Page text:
I'm struggling to explain the most important aspects of air pollution in a concise way. I understand CO2 is the biggest issue and long-term driver of global warming, but beyond that I'm lost. News articles about air pollution sometimes mention particle pollution, methane, sulfur dioxide, aerosols, carbon monoxide, nitrous oxide, and others, but I have no idea about their relative importance in regard to the impact on human life and earth ecosystems.

I understand from Wikipedia that carbon dioxide equivalent (CO2e) is used as a way to simplify all of the above into a single number expressing the global warming impact of a collection of air pollutants, usually computed based on the global warming impact over 100 years.

Simplifying everything down to 1 number is appealing, but seems like it also loses a lot of information. On the other hand, enumerating every single pollutant seems to just make everything confusing unless you're already an expert. What I'm imagining is a compromise where we could express air pollution in CO2e plus a couple other numbers that capture some of the most important details that CO2e doesn't address.

My question: What are the most important pieces of information that get lost by converting all air pollution into CO2e?

  • Great question! Looks like this article might provide some clues or references, but I don't have time now to dig into it: "Alternatives to the global warming potential for comparing climate impacts of emissions of greenhouse gases"
    – LShaver
    Commented May 24, 2019 at 13:35
  • 3
    Nobody converts all air pollution into CO2e - they do it only for those substances that have a warming effect and then only to calculate the warming effect, not any others (but that's what you're asking for). This makes your question very broad. I suggest you limit it to substances having a warming effect and ask for those by name specifically (it's not hard to find them since you know what CO2 equivalents are).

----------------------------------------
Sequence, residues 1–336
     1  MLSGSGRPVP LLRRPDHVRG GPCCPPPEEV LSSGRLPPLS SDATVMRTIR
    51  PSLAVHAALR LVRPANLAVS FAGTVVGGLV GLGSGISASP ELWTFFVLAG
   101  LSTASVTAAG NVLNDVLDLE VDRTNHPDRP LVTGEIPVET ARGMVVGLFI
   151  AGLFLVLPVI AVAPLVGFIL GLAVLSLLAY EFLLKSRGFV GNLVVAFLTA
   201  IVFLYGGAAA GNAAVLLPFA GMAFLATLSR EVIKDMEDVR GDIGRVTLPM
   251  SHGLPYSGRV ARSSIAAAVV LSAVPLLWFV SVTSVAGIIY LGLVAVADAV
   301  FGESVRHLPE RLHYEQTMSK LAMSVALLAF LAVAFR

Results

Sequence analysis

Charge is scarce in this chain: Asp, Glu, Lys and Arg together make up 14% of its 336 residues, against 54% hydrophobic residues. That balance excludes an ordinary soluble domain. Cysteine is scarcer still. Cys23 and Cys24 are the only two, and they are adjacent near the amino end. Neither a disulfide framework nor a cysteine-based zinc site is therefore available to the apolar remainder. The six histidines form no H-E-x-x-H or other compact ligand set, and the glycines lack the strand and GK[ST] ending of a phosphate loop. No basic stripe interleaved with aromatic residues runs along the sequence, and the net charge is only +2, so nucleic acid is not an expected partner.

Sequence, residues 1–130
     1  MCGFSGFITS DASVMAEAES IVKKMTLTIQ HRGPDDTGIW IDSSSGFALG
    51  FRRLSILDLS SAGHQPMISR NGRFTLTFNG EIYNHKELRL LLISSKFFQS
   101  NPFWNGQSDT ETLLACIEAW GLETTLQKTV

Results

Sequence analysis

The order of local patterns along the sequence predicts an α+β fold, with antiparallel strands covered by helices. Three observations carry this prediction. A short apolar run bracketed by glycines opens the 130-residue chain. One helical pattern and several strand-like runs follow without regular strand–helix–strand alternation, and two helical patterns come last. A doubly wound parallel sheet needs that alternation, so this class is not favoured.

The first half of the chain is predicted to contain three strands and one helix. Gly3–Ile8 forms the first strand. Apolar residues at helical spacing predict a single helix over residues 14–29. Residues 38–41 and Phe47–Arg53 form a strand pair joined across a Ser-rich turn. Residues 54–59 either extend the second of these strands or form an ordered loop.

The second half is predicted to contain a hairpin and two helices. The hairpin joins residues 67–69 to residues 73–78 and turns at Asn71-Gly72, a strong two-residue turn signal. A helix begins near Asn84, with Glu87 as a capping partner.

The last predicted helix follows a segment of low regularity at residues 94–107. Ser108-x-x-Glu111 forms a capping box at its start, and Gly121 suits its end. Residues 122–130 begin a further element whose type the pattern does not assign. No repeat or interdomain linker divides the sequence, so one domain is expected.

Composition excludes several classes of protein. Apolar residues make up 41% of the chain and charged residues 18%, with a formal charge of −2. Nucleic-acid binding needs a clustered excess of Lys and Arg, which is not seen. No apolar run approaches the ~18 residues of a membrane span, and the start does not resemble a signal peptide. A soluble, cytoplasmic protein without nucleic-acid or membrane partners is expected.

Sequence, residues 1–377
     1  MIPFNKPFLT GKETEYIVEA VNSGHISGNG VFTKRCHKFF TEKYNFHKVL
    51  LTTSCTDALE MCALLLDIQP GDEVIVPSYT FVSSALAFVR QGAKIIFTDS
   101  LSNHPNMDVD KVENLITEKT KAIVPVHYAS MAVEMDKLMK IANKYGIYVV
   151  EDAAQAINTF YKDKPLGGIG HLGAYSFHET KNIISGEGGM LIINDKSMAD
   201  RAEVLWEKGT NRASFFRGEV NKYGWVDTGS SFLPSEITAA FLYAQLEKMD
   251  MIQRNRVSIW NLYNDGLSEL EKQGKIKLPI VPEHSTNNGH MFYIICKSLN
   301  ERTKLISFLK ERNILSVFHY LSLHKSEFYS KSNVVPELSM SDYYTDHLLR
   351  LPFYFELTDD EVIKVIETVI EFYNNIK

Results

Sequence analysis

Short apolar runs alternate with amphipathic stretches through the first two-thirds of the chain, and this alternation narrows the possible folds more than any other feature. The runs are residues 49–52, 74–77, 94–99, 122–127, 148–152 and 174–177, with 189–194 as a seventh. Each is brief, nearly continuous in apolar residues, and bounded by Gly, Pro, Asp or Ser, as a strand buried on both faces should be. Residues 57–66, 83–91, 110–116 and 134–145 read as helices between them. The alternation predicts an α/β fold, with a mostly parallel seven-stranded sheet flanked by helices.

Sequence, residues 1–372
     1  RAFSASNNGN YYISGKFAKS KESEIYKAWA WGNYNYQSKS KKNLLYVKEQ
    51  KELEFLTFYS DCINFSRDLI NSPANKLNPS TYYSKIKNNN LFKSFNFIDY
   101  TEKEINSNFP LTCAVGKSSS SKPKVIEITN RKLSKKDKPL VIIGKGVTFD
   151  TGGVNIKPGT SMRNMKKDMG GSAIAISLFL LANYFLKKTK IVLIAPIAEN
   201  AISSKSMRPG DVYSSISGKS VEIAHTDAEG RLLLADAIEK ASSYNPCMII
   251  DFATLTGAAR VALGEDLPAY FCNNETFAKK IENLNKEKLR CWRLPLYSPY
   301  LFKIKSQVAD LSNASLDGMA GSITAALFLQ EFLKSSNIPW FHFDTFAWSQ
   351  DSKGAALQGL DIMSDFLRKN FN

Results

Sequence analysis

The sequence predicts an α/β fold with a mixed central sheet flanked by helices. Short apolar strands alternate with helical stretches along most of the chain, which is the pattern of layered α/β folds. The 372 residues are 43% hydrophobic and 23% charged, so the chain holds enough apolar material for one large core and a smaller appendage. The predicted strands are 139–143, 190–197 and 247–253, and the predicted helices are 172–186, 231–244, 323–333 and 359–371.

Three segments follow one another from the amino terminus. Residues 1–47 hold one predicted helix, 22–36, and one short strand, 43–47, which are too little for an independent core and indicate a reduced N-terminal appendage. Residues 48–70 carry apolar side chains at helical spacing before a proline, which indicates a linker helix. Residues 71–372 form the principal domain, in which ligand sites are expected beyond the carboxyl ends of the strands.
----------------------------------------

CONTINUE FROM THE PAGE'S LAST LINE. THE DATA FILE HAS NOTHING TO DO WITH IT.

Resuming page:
– user2451
    Commented May 24, 2019 at 15:04

1 Answer 1


Time span.

Most of the others are short term. CO2 ultimately depends on the rate biomass increases, and the speed it mixes into the deep ocean. Processes that take very long periods (thousands of years)

Methane and NOx both have half lives in the decades range. So you see CO2e of 20 on a short period (couple of decades) down to 7 over a longer period (century)

Dust falls out of the atmosphere faster. Events that put large quantities of particles into the upper atmosphere (Pinatubo being the most recent big one) have an effect that lasts about 2 years.


Consider Fictide (A fictitious compound) Say it is 1000 CO2e, but it's present only a one part per billion.

So we have 1 part/billion * 1000 = equivalent to 1/million CO2 Since CO2 is currently 415 ppm, the effect of fictide is a drop in the bucket.

Overall the other gasses are a distraction. Most of them are either natural sourced (CH4) or are side effects of combustion (NOx)

(Yes cows produce methane. So do termites. Remove cows, you replace them with something that eats cellulose. You can't)

There are various proposals to get rid of human caused methane. Far better to spend that effort and resources to get rid of human caused CO2.

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